Playing “Moneyball” to Drive Returns
The Lancer Group and PEI announced plans to produce a series of four research reports entitled “Human Capital Moneyball- Linking Talent to Private Equity Deal Outcomes.” The reports aim to use data to vet common assumptions around the search for portfolio company CEOs and CFOs and offer guidelines for hiring executives who truly create value.
Much like in baseball, searches for C-suite All Stars are the same as they’ve ever been, and just as much of a gamble, like baseball’s previous reliance on talent scouts. Famed baseball executive Billy Beane revolutionized recruiting by focusing on data in building a team on the cheap, delivering a playoff run for the Oakland A’s for the fraction of their competitors’ payrolls.
The Lancer Group and PEI are gathering and analyzing data from recent successful transactions to discern the hidden metrics that can improve hiring decisions. Over the coming months, four research reports will be issued to offer a “moneyball” approach to human capital problems at private equity portfolio companies.
And the problems are real. PEI and the Lancer Group estimate that billions of dollars of value have been lost due to hiring the wrong person to lead portfolio companies. One private equity manager they spoke with admitted that it’s hard to discern if their latest hire is creating value until they’ve been observed on the job for months. Private equity might have evolved their financial engineering tactics over the years, but they’re often hiring talent with the same tactics as fifty years ago: paper profiles, interviews, references and assessment testing.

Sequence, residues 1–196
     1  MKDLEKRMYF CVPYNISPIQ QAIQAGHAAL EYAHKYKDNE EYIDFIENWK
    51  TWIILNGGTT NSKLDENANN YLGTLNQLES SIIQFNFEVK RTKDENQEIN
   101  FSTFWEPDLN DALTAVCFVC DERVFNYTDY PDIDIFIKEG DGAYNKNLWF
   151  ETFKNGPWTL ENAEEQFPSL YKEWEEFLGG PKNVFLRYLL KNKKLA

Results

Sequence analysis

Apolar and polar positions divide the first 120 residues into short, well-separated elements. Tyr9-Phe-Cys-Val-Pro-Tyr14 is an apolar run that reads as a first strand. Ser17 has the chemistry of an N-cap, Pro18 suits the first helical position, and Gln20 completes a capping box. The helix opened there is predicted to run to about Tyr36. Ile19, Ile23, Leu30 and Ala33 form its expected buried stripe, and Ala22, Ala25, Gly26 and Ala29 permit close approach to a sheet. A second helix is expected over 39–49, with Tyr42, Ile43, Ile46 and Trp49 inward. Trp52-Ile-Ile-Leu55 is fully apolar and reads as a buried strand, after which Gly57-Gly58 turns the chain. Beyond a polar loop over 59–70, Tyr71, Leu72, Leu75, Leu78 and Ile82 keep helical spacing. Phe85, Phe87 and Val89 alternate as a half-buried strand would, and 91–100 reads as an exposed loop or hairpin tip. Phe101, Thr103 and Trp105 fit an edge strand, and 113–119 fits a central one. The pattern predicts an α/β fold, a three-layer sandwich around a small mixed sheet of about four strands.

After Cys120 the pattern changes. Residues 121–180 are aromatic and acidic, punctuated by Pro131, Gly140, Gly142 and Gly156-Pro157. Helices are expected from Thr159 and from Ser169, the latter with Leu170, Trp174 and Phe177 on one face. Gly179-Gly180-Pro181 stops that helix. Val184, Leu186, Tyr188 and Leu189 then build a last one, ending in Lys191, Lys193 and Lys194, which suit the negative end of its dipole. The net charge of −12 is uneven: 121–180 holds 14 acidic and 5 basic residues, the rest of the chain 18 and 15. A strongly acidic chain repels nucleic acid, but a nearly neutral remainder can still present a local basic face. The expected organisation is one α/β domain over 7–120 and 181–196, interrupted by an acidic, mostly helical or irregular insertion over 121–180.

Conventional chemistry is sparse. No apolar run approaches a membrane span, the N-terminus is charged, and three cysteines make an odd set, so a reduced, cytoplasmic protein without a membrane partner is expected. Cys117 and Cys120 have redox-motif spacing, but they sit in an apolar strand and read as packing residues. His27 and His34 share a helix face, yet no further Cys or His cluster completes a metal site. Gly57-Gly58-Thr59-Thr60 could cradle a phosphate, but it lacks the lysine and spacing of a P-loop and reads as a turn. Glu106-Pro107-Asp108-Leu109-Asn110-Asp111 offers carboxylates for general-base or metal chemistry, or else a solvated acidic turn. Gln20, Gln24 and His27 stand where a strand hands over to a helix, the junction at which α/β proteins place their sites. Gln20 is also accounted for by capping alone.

While the PE industry has heeded industrial psychology’s focus on “soft skills” with aptitude and personality tests, the reports seek to challenge those assumptions, along with several others. For example, the research will test whether prior private equity experience is relevant for portfolio company CEOs, or whether candidates from elite universities fare better than those from less illustrious institutions.
The data hunt will involve a deep dive into successful portfolio investments and the role human capital played in each, along with an analysis of the CEOs and CFOs that led those winning companies.
That work will be published as four research reports over the course of 2017. The first will share case studies of successful investments and their human capital component, the second will focus on research into portfolio company CEOs, the third will report data into CFOs, and the fourth will offer best practices for both GPs and LPs, given how many investors are starting to make direct investments or up their co-investment activity.